Saigon Grill workers awarded $4.6M

October 22, 2008 2:54:34 PM PDT
Payday finally arrived Tuesday for 36 immigrant delivery workers who claimed to have toiled for years at restaurants without proper wages. A federal magistrate ordered the owner of several popular Vietnamese cafes to pay more than $4.6 million to a group of ex-employees who said they had received substandard wages.

The court said the workers, all Chinese immigrants with limited English skills, had largely been living off the tips they earned cycling orders of hot food around the city for the small Saigon Grill chain.

The restaurant asked no questions about the workers' immigration status, but also offered little in the way of pay. Their salaries ranged from $340 to $600 per month, no matter how many hours they worked.

The delivery workers didn't exactly go hungry, though: A few were able to bring in as much as $3,500 or $4,000 in tips per month by putting in long hours six or seven days a week.

But the court said even that healthy tip income didn't absolve the restaurant's owner of his responsibility to abide by wage laws.

U.S. Magistrate Judge Michael Dolinger ordered the restaurant to pay back wages and overtime dating to 1999, plus fines and penalties, and to compensate the workers thousands of dollars each for supplying their own bicycles and scooters for the job.

Attorney Kenneth Kimerling, of the Asian American Legal Defense and Education Fund, which helped bring the case, said: "This should be a warning to anyone out there who thinks they can get away with violating the law and failing to pay immigrant workers their rightful wages."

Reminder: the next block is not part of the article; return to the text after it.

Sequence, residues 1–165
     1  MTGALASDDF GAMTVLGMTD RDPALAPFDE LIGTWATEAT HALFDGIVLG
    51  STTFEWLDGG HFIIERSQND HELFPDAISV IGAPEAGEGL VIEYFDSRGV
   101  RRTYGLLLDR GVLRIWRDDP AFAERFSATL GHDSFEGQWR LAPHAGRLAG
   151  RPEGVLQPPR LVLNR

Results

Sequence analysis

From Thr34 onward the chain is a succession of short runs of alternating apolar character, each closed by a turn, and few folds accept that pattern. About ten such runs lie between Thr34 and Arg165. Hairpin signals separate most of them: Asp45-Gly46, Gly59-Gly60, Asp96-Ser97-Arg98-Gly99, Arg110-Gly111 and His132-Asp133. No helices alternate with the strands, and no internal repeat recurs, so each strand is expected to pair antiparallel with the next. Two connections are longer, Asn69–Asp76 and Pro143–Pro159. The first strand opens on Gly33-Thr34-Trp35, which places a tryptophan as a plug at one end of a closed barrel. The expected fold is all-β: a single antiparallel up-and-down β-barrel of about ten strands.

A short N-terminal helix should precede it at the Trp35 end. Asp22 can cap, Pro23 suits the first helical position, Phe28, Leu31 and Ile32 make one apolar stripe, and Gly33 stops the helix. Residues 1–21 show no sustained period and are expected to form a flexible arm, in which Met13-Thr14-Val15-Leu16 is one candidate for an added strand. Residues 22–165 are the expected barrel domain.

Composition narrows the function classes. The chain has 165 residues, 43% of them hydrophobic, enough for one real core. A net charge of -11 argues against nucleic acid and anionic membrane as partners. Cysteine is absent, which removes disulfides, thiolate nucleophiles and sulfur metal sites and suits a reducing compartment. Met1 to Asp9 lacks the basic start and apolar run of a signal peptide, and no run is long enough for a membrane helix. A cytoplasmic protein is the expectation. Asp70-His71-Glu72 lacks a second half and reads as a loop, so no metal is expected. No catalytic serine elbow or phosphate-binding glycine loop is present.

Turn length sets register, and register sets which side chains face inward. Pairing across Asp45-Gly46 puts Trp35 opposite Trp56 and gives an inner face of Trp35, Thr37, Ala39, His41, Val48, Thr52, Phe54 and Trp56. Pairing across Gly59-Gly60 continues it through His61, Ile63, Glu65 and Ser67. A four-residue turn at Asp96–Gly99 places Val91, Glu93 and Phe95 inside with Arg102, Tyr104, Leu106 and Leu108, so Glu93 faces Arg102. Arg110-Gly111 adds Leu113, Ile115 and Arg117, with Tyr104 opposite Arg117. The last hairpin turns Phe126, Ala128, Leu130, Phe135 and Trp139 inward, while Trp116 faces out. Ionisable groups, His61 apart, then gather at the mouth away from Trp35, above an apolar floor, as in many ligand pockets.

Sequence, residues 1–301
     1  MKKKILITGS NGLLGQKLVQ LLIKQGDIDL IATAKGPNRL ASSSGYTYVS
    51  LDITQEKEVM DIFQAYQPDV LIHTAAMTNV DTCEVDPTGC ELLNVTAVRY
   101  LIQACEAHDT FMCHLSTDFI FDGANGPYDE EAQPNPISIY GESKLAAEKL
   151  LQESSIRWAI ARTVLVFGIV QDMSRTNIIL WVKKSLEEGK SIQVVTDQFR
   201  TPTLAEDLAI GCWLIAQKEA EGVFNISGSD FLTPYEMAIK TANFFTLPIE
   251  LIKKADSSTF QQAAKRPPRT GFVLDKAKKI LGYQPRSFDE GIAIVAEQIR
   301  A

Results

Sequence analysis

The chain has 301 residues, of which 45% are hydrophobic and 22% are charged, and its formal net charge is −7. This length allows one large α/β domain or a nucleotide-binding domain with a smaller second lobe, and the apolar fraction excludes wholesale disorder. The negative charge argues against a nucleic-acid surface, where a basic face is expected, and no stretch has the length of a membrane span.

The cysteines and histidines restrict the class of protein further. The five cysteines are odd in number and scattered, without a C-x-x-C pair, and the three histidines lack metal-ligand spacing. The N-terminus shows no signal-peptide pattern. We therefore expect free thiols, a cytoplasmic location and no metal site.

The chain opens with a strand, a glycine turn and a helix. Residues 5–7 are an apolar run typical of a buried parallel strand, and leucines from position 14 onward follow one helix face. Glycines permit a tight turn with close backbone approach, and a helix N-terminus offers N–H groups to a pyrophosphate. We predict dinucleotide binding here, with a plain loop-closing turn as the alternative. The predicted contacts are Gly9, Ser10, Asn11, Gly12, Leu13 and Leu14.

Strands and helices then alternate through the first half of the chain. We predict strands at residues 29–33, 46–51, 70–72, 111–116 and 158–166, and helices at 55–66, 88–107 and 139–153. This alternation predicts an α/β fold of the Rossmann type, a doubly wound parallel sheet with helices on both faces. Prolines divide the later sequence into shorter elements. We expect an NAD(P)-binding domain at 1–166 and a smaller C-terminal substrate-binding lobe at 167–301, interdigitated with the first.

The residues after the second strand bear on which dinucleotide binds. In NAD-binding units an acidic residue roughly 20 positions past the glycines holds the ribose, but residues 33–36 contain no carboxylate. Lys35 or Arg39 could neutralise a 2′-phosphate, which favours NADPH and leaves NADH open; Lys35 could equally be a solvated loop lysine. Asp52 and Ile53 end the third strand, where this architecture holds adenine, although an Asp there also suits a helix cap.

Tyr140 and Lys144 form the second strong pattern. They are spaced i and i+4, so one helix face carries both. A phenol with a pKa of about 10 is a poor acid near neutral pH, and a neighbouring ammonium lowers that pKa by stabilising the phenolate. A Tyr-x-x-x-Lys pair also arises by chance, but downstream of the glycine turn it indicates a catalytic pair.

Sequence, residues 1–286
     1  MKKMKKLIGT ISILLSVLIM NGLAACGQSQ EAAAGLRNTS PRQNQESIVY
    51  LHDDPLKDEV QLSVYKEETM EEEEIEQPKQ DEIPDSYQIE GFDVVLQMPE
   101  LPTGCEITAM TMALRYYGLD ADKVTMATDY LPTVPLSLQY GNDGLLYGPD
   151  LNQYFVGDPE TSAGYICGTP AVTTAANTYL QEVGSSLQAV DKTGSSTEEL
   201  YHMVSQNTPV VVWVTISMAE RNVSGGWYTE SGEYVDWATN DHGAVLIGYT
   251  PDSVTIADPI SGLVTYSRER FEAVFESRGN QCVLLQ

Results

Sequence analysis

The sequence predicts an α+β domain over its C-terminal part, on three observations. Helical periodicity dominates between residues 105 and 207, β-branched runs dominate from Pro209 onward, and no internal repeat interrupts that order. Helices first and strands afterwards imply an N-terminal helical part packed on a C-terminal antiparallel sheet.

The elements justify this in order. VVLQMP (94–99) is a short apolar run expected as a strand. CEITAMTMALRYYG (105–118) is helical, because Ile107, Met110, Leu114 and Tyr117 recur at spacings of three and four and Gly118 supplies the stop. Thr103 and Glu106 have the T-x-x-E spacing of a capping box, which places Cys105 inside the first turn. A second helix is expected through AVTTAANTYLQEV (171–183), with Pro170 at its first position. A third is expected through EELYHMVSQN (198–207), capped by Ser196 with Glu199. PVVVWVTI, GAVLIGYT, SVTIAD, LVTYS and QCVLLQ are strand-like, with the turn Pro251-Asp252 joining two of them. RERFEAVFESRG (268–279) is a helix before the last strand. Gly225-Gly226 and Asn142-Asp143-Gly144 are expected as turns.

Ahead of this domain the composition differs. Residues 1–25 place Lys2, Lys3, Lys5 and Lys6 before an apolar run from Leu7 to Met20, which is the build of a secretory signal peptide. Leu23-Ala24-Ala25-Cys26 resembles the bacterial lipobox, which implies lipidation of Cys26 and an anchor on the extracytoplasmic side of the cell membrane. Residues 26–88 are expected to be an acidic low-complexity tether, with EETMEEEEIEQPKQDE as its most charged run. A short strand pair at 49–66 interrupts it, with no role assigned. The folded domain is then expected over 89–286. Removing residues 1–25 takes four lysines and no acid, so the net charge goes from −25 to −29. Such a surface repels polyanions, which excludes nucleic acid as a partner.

A lawyer for the Saigon Grill didn't immediately return a phone call seeking comment Tuesday.

But before the trial, Saigon Grill attorney Michael Weisberg described the restaurant's primary owner, Simon Nget, as an American success story who was only trying to help fellow immigrants get a leg up.

Nget is a Cambodian refugee who arrived in the U.S. as a teenager, started in the restaurant industry as a waiter and worked his way up to owning his own place.

Weisberg said the workers made a "fortune" once their tips were factored in and were unfairly seeking a quick payday at the expense of a boss who had treated them well.

The workers' lawsuit was one of a growing number of legal complaints alleging exploitation of immigrants in low-pay industries in New York and elsewhere. Federal lawsuits alleging violations of the Fair Labor Standards Act have surged nationwide in recent years.

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